quit acting like little children when it comes to using the anti point system!

    THE ANTI-POINT SYSTEM IS TO SHOW THE DIFFERNCE BETWEEN GOOD USERS AND BAD USERS (in short)
    HOW THE HELL IS ME COMPIMENTING SOMEONE ON THEIR POST MAKING ME A BAD USER?!

    bluntly put
    GROW THE F UP!

    _NetSyN_
    [shadow]i have a herd of 1337 sheep[/shadow]
    Worth should be judged on quality... Not apperance... Anyone can sell you **** inside a pretty box.. The only real gift then is the box..

  5. #5
    Priapistic Monk KorpDeath's Avatar
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    It does neglect to say anything about VPNs except that you should administer the WAPs by it and SSl. How about running your clients through a VPN when they are on the WLAN??
    Mankind have a great aversion to intellectual labor; but even supposing knowledge to be easily attainable, more people would be content to be ignorant than would take even a little trouble to acquire it.
    - Samuel Johnson

  6. #6
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    I agree with NetSyn!
    Almost all the info shared at AntiOnline isn t infented during the writing of a post!
    There is no mistake about it,sharing good info from third sorces[online info,books,radio/tv or other]is no anti-point worth!
    Someones cheers/anger/miscontent about a post[good/bad]should never be awarded with pos/neg points.



    At your serves.[Pim Fortuyn]
    i m gone,thx everyone for so much fun and good info.
    cheers and good bye

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    Static WEP can be broken relatively easily.

    I would recommend using Kerberos for authentication. In deploying Kerberos, you can set an expiry on each encryption key.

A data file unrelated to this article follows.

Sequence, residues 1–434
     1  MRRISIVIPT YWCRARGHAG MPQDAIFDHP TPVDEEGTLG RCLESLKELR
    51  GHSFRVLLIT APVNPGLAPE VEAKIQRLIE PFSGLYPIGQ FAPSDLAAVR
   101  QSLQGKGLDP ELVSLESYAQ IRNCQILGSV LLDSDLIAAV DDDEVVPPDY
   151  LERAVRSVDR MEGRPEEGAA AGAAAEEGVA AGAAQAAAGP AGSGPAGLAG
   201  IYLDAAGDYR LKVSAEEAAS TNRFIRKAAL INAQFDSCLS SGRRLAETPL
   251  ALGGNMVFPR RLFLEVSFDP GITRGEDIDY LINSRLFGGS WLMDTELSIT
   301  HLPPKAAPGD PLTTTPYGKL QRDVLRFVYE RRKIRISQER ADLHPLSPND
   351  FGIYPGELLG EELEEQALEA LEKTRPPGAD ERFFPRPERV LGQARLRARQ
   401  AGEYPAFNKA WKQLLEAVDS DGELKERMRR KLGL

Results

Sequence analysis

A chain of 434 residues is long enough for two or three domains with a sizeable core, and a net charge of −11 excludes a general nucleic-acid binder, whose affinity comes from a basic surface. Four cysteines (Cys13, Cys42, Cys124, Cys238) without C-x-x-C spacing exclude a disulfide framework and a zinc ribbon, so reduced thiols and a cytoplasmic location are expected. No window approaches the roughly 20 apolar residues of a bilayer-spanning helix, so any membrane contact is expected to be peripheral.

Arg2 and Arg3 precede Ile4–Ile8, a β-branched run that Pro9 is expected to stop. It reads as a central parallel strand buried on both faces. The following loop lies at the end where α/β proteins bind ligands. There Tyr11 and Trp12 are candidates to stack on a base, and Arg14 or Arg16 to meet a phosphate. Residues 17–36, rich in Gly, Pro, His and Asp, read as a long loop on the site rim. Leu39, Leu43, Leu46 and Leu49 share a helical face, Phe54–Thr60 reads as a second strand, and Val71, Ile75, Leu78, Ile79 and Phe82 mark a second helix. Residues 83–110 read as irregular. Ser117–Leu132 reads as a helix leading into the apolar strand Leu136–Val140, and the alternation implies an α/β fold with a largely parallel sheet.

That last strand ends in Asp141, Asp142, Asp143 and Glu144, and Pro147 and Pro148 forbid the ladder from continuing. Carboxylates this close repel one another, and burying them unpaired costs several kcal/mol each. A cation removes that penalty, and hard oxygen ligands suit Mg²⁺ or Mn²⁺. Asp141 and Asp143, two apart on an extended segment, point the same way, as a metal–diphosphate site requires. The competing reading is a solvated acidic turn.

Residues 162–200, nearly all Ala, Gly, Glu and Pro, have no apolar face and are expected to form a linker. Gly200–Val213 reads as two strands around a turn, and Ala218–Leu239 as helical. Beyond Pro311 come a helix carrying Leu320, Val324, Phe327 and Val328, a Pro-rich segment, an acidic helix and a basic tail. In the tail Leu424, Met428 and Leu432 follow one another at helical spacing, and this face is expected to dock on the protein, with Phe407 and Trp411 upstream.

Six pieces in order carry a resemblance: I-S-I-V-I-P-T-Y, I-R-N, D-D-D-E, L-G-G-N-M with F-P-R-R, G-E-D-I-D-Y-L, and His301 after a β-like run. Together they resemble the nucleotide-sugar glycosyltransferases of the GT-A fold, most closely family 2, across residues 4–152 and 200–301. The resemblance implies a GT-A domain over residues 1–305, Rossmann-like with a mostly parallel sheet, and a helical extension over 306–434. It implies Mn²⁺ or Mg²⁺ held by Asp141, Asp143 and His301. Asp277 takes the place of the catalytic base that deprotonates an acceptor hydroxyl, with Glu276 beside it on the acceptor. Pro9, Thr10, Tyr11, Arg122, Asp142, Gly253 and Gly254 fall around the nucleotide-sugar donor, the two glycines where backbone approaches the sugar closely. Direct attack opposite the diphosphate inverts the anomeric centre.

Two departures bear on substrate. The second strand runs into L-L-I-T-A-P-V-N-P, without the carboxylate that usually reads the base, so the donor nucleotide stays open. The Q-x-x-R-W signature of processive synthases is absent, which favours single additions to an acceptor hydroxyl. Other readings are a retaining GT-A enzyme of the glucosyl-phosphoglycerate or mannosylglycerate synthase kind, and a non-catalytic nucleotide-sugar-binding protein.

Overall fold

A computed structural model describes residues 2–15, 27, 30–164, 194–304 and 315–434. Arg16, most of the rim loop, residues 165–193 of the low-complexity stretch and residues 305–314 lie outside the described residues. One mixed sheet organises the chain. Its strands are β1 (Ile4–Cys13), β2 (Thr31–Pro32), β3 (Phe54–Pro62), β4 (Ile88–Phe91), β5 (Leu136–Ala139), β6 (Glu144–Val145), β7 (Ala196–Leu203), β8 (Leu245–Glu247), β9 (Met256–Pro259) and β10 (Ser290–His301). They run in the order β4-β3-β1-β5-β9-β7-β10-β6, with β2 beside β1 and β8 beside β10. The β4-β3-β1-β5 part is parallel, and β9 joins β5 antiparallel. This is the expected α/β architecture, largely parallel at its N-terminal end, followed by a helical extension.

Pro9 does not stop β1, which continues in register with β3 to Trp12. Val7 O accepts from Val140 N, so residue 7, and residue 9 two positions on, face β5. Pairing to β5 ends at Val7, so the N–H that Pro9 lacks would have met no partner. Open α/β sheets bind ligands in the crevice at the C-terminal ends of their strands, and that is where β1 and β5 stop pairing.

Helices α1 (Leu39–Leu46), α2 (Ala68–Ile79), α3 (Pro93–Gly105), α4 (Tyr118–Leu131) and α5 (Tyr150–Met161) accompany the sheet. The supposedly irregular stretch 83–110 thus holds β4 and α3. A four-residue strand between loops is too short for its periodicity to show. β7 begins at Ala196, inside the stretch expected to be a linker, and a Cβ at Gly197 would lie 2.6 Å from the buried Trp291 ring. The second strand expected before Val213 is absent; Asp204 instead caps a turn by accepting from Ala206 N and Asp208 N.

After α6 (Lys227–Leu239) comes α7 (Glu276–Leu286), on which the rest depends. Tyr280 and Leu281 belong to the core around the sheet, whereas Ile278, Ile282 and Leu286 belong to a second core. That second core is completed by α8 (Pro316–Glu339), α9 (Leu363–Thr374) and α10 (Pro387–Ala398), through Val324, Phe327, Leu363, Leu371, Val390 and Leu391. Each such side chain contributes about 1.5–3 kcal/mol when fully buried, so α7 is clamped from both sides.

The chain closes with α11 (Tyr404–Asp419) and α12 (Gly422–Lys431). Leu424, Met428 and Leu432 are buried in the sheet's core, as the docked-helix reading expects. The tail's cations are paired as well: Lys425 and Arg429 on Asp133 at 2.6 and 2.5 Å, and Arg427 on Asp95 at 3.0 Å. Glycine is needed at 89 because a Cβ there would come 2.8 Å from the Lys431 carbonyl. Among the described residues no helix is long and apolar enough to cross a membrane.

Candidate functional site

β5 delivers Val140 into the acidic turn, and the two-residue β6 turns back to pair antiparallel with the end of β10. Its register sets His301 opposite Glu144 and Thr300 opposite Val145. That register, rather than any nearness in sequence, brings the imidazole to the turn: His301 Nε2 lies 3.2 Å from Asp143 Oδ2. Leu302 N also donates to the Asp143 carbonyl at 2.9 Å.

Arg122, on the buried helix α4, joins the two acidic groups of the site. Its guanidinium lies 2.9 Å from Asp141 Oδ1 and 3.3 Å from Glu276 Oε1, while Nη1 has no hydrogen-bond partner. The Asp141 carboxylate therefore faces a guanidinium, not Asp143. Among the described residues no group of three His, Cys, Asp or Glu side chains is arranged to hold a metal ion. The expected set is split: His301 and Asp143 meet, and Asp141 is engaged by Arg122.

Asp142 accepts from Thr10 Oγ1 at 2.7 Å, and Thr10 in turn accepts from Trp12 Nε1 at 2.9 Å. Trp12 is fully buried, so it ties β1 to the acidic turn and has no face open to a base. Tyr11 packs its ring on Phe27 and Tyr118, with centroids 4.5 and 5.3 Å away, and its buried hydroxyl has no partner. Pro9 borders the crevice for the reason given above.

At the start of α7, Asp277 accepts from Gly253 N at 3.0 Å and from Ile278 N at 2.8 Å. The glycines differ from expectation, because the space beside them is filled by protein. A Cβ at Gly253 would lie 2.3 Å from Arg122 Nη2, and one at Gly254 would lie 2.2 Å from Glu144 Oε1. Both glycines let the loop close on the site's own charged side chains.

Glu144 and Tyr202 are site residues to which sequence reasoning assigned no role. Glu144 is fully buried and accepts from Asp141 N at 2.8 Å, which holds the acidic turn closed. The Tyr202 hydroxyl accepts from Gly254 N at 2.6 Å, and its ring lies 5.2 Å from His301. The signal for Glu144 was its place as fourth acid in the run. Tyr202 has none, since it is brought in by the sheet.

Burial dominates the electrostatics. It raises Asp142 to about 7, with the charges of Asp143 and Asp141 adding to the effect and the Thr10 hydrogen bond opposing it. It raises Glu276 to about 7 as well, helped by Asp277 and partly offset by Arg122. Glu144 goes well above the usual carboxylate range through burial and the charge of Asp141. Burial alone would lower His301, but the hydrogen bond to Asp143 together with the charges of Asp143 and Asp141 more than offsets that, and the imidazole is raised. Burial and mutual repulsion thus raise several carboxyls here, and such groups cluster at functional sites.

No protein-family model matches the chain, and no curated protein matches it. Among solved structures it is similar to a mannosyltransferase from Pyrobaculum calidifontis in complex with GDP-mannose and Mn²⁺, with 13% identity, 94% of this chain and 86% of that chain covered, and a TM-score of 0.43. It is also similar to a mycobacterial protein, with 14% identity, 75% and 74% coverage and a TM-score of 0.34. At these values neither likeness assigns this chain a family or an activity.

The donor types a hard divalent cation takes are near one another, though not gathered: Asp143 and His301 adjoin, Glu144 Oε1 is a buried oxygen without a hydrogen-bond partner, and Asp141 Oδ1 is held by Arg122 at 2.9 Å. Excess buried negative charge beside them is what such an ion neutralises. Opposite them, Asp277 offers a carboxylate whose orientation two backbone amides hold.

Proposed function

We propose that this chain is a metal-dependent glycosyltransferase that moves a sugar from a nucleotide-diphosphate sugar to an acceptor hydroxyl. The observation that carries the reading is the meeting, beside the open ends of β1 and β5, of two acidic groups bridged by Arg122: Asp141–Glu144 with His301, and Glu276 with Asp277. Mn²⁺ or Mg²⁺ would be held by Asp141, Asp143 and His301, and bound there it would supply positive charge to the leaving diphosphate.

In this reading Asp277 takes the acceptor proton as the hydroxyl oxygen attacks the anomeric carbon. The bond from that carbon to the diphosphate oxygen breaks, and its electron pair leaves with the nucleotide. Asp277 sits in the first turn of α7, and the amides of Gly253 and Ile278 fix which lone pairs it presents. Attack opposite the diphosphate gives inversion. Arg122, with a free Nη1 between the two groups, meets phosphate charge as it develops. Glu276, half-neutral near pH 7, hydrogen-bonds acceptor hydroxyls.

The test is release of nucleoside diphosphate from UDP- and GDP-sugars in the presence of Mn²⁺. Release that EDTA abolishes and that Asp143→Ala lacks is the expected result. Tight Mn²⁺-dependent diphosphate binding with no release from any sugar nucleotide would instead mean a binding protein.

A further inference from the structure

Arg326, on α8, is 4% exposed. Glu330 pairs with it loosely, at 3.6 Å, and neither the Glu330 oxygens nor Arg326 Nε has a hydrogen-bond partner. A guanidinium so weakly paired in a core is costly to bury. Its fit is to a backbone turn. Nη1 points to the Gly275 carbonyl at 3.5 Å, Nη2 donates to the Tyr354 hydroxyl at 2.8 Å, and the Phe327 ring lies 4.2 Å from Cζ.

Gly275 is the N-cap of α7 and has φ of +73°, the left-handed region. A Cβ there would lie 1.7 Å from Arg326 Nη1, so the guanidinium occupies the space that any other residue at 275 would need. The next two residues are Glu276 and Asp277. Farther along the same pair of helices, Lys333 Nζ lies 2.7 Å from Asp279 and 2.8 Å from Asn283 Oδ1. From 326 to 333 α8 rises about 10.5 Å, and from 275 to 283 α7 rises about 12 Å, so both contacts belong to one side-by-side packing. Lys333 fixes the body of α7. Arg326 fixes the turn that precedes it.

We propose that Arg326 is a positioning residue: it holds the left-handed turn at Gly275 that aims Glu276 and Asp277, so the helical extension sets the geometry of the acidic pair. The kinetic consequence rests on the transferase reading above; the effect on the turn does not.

Having dynamic WEP keys (rotating every few minutes) drastically reduces all vulnerabilities associated with WEP encryption.
    SoggyBottom.

    [glowpurple]There were so many fewer questions when the stars where still just the holes to heaven - JJ[/glowpurple] [gloworange]I sure could use a vacation from this bull$hit, three ringed circus side show of freaks. - Tool. [/gloworange]

  8. #8
    Fastest Thing Alive s0nIc's Avatar
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    lol i guess some people dont get the idea of Computer Security... its not about who is the author of the post or not.. what matters if the contents are important or not. And i would understand if you dislike the post coz its not mine and for the fact that IM CLAMING ITS MINE. but im not, as you could see i posted the source. I see some of us here dont know the true spirit in computer security... Its all about securing your boxes and gettint the right information on how to secure it. remember.. this IS a security site, not an "article originality marathon". If i read something important and i think that others should know, I post it. I share it. thats what its all about. And clearly if you want to read something original go read my tutorials coz they are as original as they can get.

    You cant handle the heat, stay out of the kitchen. Coz i will not withdraw information just because its not mine... the people has the right to know. Right now there are people out there with their Wireless network secured because of this post, because they RELY on AO to give them useful information. Isnt that what this site is all about? Helping in contributing Computer Security..